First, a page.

Happy 44th Birthday: BASIC

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From Wired Magazine:
May 1, 1964: First Basic Program Runs
In the predawn hours of May Day, two professors at Dartmouth College run the first program in their new language, Basic.

Mathematicians John G. Kemeny and Thomas E. Kurtz had been trying to make computing more accessible to their undergraduate students. One problem was that available computing languages like Fortran and Algol were so complex that you really had to be a professional to use them.

So the two professors started writing easy-to-use programming languages in 1956. First came Dartmouth Simplified Code, or Darsimco. Next was the Dartmouth Oversimplified Programming Experiment, or Dope, which was too simple to be of much use. But Kemeny and Kurtz used what they learned to craft the Beginner's All-Purpose Symbolic Instruction Code, or Basic, starting in 1963.

The college's General Electric GE-225 mainframe started running a Basic compiler at 4 a.m. on May 1, 1964. The new language was simple enough to use, and powerful enough to make it desirable. Students weren't the only ones who liked Basic, Kurtz wrote: "It turned out that easy-to-learn-and-use was also a good idea for faculty members, staff members and everyone else."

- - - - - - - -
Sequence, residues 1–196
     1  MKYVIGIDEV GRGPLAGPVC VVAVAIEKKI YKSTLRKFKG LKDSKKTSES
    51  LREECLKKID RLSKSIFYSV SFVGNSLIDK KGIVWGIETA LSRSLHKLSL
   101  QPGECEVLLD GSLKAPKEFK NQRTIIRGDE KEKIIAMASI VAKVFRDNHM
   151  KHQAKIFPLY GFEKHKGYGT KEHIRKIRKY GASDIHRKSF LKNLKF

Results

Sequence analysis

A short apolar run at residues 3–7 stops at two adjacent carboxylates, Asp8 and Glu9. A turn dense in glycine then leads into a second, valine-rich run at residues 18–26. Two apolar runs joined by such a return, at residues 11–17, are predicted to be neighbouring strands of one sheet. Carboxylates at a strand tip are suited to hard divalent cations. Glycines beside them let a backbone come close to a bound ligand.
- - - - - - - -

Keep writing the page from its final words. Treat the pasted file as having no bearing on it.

And it's not just for mainframes. Paul Allen and Bill Gates adapted it for personal computers in 1975, and it's still widely used today to teach programming and as a, well, basic language. (Reacting to the proliferation of complex Basic variants, Kemeny and Kurtz formed a company in the 1980s to develop True BASIC, a lean version that meets ANSI and ISO standards.)

The other problem Kemeny and Kurtz attacked was batch-processing, which made for long waits between the successive runs of a debugging process. Building on work by Fernando Corbat�, they completed the Dartmouth Time Sharing System, or DTSS, later in 1964. Like Basic, it revolutionized computing.

Ever the innovator, Kemeny served as president of Dartmouth, 1970-81, introducing coeducation to the school in 1972 after more than two centuries of all-male enrollment.
In the late 1970's and early 1980's, my Mom and Dad lived in Hanover where Dartmouth is located. My Dad got his first computer (Apple IIe+) for writing and during one Christmas visit (I was living in Boston at the time), I got him a dial-up account on the DTSS. 300 BAUD -- that was high tech. The modem cost $600 and was a bargain. We certainly have come a long long way from these beginnings...

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